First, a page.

there is the usual risk of starting a FAT32 vs. NTFS flamewar , I never did benchmarks comparing them on newer OS's, but the noticeable difference should be on 2K and not that much on XP, or at least this was the case for (slowish) USB devices:
Traditionally the difference in speed is connected with filesize, cache, and fragmentation level, this article is still valid:
you could turn off (but this is a "global" setting) Last access time:
and as said try with Mb aligned partition (which might produce a slight improvement).
Personally, you will need to pry NTFS out of my dead hand , if not for anything else (like sparse files and hard links/mountpoints ), for the speed of filesearching through the $MFT , but of course you are very welcome to use FAT32, though as in the source of the already linked to "method" to have Vista installed on a FAT32 filesystem:
it is not that bad, after all.
Problems (as you may read between the lines or outside of them ), are - as I see it:
- that tutorial was made with Vista 32 bit (and NOT 64 bit) so even if that is tested and confirmed, may (or may not) appy to the 64 bit version
- a Vista install uses hardlinks, which are probably part of the issues in point #4.) of that tutorial
- you are basically using a 64 bit system in order to gain access to more RAM (or there are other reasons that I am no aware of?) BUT you won't be able to have hyberfil.sys and pagefile.sys bigger than 4 Gb (unless you place them on another volume, NTFS formatted)
- the final scope of that experiment was to produce a smallish (limited) Vista to be installed on USB flash
- 7 (seven) years have passed since, and there is no evidence that any later SP or KB/update has not introduced some further limitations and/or that a number of programs won't "like" to be on FAT32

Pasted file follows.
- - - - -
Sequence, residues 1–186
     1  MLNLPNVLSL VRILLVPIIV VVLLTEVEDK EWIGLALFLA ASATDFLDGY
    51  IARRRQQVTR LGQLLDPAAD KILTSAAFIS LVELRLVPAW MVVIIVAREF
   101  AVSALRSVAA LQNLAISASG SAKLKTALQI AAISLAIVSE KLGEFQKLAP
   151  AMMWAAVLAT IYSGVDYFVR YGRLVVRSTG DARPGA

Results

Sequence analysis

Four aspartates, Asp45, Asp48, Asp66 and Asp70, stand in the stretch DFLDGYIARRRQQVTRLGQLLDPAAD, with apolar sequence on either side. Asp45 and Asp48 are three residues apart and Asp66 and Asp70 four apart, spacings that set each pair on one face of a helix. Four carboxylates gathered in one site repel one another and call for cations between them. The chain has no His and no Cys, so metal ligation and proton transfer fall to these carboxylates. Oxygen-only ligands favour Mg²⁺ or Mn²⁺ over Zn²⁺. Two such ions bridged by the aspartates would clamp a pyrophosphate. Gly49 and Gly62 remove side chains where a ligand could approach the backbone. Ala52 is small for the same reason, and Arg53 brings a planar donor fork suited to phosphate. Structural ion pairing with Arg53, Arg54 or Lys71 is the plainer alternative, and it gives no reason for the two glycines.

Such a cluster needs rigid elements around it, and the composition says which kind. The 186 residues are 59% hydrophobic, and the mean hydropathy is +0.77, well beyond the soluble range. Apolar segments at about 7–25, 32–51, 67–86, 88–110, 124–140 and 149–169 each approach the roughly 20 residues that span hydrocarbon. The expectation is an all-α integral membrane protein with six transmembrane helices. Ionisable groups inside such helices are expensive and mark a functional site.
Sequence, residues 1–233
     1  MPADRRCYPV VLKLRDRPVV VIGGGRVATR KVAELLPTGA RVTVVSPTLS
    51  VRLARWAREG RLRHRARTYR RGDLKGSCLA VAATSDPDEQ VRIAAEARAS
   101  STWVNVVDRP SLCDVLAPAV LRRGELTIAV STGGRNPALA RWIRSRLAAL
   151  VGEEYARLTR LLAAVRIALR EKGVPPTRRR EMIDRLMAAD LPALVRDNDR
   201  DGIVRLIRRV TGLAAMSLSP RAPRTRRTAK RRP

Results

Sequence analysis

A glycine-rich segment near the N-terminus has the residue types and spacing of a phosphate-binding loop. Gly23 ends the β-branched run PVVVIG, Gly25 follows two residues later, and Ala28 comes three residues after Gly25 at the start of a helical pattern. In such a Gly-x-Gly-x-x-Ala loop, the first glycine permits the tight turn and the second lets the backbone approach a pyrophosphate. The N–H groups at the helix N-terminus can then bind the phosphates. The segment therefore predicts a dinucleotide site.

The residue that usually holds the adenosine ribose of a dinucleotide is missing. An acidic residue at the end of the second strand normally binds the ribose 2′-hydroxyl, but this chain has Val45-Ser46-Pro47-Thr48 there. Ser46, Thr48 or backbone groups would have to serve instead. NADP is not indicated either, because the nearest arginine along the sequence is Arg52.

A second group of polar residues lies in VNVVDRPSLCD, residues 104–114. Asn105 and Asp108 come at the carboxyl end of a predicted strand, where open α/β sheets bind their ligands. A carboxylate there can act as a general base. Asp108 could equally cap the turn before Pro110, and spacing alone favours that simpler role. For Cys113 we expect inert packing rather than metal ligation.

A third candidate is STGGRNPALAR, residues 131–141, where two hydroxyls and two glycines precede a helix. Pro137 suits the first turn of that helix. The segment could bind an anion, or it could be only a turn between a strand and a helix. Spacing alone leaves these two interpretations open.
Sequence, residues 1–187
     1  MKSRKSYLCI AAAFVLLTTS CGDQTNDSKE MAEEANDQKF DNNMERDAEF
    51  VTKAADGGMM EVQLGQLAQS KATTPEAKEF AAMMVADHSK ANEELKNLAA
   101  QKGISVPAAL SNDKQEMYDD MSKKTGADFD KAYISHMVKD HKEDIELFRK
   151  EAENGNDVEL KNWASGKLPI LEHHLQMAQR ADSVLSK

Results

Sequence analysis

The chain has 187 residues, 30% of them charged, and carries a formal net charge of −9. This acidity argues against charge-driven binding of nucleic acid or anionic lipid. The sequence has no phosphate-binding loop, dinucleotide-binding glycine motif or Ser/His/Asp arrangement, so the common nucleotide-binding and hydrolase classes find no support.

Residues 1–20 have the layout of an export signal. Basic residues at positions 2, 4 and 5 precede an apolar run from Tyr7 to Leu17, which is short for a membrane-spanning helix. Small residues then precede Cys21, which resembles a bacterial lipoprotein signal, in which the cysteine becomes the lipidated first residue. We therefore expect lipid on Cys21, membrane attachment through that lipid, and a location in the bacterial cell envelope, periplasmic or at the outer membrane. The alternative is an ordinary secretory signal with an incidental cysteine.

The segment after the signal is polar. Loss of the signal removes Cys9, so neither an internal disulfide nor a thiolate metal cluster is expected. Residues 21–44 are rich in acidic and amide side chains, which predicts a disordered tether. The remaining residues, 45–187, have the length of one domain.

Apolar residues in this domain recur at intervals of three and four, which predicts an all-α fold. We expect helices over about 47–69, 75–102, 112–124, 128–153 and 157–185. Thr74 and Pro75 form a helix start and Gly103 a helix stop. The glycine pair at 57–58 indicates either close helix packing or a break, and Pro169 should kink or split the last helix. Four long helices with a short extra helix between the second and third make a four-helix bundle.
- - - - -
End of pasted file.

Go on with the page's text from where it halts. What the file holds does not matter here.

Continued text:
So - and I know you didn't ask for my opinion (but I will provide it nonetheless), if you do that as an experiment, it is a nice one, if you do that as a "solution" for increasing disk speed on a "production system" it is "pure folly" .
I certainly appreciate your opinion. I'm not one of those who acts like, "Who Asked You?" I hate that when people say that; it's second place to when you ask someone a question and they say, "Google is your friend!" I hate that! LOL.
( a ) First off I always disable Indexing. I know Vista onwards makes more use of it in the start menu for that "Search Here" feature, but I don't mind slower searching (since my mindset is already set to "searching for something"). I would rather have the Indexing off and have those resources for unadultered speed of disk access or caching. I'd rather not have my system slower so that occasional searches are faster.
( b ) Next, with as much as 7 GB of RAM in my system, I turn paging off with XPx64, so I hope to do the same with Vista. Also I run an HP Workstation so I do not utilize Hibernation.or power saving features that store images to the HDD.
( c ) I would have to disagree (albeit with anecdotal evidence) that FAT32 performance benefits are nothing more than "pure folly". There is documentation supporting better speed of FAT32 on small drives < 120 GB. I will have to find that for you, but the speed increase is quite real I assure you.
( d ) The NTFS features that you cite not being able to live without (ie. sparse files and hard links/mountpoints) are not features I want. I just want to have a straight ahead file system. I don't even need permissions.
Just a couple partially unrelated things, but they do illuminate my mindset towards operating systems. I hate this idea that for new OS interfaces to be popular, it's believed that I have to be able to hover my mouse pointer over an icon, and have it tell me five things at once via tool tips (ie, author, filesize, size on disk, version number, blah, blah, blah!). If I want the filesize, or any other info, I will right-click and choose Properties.
I am somewhat saddened to move to Vista and upwards, because I am going to miss how lightweight Windows XP was (my truue favourite was Windows 2000). But to stay up to date, there are no "lightweight" options. Why can't Microsoft make an OS revision that will complement older hardware or even simpler hardware?
Thanks for listening.
Edited by JodyThornton, 30 November 2013 - 02:36 PM.